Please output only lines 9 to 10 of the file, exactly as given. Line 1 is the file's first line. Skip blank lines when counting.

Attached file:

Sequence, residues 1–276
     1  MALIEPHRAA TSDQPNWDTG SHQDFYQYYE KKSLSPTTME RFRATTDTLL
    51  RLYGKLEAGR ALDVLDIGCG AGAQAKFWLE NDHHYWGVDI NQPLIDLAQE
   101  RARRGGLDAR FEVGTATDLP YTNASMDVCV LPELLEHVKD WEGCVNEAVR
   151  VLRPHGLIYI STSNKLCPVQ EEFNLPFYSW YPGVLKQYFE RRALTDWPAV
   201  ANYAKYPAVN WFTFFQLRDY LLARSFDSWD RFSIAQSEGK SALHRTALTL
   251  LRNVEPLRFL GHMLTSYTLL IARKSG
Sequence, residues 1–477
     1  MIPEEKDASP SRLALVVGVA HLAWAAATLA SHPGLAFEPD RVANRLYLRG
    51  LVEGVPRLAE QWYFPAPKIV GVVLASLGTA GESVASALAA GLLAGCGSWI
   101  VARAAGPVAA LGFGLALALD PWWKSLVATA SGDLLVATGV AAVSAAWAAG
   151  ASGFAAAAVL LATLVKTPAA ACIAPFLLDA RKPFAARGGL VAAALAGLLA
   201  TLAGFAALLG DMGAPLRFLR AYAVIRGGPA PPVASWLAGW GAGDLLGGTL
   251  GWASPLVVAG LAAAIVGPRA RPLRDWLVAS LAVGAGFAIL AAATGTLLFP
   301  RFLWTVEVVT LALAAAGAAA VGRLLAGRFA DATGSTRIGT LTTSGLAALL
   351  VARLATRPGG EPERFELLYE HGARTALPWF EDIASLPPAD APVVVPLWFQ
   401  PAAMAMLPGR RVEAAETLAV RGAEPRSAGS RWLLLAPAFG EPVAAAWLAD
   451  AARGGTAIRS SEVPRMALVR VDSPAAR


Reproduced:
     1  MIPEEKDASP SRLALVVGVA HLAWAAATLA SHPGLAFEPD RVANRLYLRG
    51  LVEGVPRLAE QWYFPAPKIV GVVLASLGTA GESVASALAA GLLAGCGSWI